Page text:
Fellowship, partnership, fidelity – Marines, sailors carry on two decades of friendship with nursing home in kin town
Twenty Marines and sailors with 7th Communication Battalion, III Marine Expeditionary Force arrived at Hikarigaoka Nursing Home in Kin Town in the early morning of Sept. 7 to help prepare for the upcoming district festival the next day. The U.S. service members, who live on Camp Hansen, worked together with the nursing home staff to set up tents, tables, and chairs.
After manual labor under the beating sun, Marines and sailors huddled underneath the shade and enjoyed refreshments provided by the facility.
“We are very grateful for their hospitality,” said Sachio Shimabukuro, general manager of Hikarigaoka Nursing home, who generously brought out his home-grown mangos to the Marines and sailors who helped prepare the site for the district festival. “These mangos are sweeter than the ones that are sold at stores,” added Shimabukuro.
This was not the first time that 7th Comm. Bn. volunteered at Hikarigaoka Nursing Home. They have been visiting the facility twice a month for almost 25 years, assisting with grounds maintenance and making cultural and friendship exchanges.
“They have been a great help with landscaping and cleaning outside of the facility,” said Tomoya Yamamura, a resident from Nago City who manages the facility’s maintenance.
Just like those ripe home-grown mangos, it takes time and effort to nourish fellowship, partnership, and fidelity, according to Shimabukuro.
The two decade-old friendship was initiated by Camp Hansen’s former community relations specialist, Chiyoko Kouchi, whose intent was to allow the service members the opportunity to be immersed with the local community and be exposed to Okinawan culture, according to current community relations specialist Takayuki Kayo.
“I think volunteering is a great way to interact with the community, and it’s also great for the Marines and sailors to get a chance to go out and meet new people and help foster good relationships,” said Gunnery Sgt. Jason Bollinger, first sergeant for Headquarters Company 7th Comm. Bn.
This was not the first time nursing home facility director Ayako Ginoza had engagement with U.S. service members.
According to Ginoza, her paternal family emigrated from Okinawa to Hawaii before World War II started while her father, the eldest son, stayed behind.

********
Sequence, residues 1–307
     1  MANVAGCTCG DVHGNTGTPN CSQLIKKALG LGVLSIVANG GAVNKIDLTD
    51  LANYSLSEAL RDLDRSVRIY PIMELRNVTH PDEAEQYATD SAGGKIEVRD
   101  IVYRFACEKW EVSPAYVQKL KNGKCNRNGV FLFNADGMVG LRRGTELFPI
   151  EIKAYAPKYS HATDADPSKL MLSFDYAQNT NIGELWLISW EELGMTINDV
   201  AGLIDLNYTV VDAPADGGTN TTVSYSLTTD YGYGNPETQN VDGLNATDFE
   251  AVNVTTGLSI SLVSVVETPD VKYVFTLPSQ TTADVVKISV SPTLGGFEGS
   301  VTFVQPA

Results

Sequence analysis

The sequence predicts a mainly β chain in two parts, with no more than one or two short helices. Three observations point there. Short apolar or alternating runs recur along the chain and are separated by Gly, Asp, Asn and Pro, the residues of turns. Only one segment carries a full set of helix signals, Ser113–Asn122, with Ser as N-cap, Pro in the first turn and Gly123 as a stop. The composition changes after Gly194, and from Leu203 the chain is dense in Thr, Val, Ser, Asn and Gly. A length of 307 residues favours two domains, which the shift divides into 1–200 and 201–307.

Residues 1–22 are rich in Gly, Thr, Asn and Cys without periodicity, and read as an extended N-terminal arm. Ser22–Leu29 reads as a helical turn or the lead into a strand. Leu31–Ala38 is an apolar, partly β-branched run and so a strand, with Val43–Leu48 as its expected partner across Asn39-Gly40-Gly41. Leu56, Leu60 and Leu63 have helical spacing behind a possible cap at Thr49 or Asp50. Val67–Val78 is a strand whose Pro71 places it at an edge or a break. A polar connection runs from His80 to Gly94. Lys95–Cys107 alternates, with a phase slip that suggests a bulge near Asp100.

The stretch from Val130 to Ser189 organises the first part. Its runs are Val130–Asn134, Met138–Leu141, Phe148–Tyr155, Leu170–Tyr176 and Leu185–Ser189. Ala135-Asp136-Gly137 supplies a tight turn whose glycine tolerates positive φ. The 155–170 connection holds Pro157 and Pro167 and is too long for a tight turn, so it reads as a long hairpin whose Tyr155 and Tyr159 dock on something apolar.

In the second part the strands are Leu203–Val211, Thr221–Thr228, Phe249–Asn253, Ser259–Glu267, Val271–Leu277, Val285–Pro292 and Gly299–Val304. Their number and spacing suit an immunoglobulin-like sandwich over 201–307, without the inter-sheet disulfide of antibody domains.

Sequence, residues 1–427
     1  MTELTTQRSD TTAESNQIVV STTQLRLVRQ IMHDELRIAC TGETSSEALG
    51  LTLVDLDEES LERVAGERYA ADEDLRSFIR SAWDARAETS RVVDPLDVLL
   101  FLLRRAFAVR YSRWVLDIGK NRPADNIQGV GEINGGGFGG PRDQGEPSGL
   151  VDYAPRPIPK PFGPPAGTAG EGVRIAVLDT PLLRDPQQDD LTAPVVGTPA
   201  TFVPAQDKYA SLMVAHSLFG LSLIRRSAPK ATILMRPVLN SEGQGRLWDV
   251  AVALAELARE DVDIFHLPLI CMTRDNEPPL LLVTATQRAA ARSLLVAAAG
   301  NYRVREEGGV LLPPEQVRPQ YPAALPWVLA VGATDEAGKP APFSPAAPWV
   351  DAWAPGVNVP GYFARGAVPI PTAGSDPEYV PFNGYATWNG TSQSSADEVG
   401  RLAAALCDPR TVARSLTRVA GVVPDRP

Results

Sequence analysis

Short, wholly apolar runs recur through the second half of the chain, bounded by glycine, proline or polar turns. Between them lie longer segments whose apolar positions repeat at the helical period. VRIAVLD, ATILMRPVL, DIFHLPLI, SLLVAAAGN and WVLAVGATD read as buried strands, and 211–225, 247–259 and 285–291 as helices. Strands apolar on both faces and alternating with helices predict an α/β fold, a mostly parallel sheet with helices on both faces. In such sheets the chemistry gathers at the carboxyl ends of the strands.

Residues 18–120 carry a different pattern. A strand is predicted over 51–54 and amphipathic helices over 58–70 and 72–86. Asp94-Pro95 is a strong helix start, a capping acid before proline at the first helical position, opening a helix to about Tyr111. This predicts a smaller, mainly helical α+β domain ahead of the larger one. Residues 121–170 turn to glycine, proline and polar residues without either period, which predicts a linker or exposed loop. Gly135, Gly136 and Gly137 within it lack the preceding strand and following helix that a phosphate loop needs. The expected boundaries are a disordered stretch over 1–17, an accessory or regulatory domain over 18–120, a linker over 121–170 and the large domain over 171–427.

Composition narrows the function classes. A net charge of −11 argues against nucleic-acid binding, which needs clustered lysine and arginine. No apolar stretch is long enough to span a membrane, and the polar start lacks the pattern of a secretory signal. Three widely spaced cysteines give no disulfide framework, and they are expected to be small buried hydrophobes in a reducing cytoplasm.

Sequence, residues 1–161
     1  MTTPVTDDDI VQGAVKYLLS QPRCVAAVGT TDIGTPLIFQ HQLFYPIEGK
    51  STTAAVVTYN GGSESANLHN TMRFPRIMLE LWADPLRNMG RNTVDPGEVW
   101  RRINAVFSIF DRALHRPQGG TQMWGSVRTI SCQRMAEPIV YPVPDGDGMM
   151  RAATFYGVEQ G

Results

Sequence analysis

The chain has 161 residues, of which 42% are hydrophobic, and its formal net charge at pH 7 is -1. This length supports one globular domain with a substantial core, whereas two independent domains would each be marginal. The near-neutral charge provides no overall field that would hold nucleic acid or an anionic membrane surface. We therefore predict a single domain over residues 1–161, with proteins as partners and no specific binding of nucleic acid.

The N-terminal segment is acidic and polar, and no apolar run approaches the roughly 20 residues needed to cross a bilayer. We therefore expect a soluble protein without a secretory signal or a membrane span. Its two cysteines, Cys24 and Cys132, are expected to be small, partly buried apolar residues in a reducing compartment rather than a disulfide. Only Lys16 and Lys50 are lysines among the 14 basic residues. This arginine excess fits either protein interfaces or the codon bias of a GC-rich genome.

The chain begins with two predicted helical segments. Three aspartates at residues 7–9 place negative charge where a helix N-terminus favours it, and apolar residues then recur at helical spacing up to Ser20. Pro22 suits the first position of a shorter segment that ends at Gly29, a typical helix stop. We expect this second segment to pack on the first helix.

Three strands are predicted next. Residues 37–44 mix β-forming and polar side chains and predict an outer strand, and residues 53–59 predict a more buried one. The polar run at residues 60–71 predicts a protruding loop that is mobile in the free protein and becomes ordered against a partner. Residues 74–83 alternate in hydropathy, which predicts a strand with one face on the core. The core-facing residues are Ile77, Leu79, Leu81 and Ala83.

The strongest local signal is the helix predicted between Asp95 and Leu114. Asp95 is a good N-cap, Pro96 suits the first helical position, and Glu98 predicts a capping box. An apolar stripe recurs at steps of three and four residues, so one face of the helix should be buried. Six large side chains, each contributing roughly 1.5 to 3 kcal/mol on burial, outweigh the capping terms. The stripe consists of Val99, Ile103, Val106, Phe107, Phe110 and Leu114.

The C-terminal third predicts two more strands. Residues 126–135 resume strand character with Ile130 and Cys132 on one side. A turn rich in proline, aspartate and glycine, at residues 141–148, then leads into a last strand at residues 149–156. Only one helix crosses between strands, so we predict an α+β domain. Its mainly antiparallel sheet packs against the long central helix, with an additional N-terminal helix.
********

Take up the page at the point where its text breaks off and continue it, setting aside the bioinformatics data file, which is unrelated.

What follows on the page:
As the war started, her father was drafted into the Japanese Imperial Army while one of her uncles enlisted in the U.S. military. During the war, Ginoza’s father was detained in the Yaka Refugee Camp, Kin Town. After the war, Ginoza’s uncle was stationed in Okinawa. Upon hearing about his brother’s imprisonment, the uncle looked for her father and reunited at the refugee camp bringing tears to those who witnessed the event.
“I feel I am able to have fellowship with these service members because I have relatives in Hawaii and an uncle who served in the service,” said Ginoza who believes these childhood memories have shaped her positive perspective toward Americans. “Having appreciation for each other has allowed us to continue our friendship for more than 20 years and I am very grateful for that. “
On Nov. 15, the nursing home and 7th Comm. Bn. celebrated Thanksgiving by introducing what the purpose behind the holiday. As the staff members and senior citizens thanked the Marines and the sailors, they shared the thanksgiving feast provided by the battalion.
“Food is a great way to bring people together across all different cultures,” said Maj. Nicholas Bukovac, executive officer of 7th Comm. Bn. “Just having the opportunity to enjoy food reaches across the barrier we may have; language barrier being one of them. This meal is perfect representation of our great deal of gratitude for all of the staff and residents of the nursing home welcoming us.”
Smiles were seen on the golden agers as they gathered around the dining table.
“A lot of senior citizens here used to work at Camp Hansen,” said Ginoza. “There are some who speak English. Whenever service members come visit the facility for cultural and friendship exchanges, everyone takes their seat smiling saying they are happy. The staff members and the retirees welcome the Marines and sailors. They are grateful that they can eat appetizing food.”
The nursing home welcomes the Marines and sailors when the facility hosts cultural events and district festivals to reciprocate their fellowship.
“To return the favor, we invite them to our facility to introduce them to Okinawan culture, such as Muuchii Day for muuchii or rice cake pounding in January,” “said Shimabukuro.
Even though these service members leave in two to three years, the exchange programs are passed down within their unit, according to Ginoza, who feels indebted to their volunteering spirit.
“We do our best to convey our appreciation through these exchanges,” said Ginoza. “Although it is easy to take these volunteers for granted, we make sure to welcome everyone with the heart of gratitude. Because these exchanges are give-and-take, we continue to reciprocate their generosity.”
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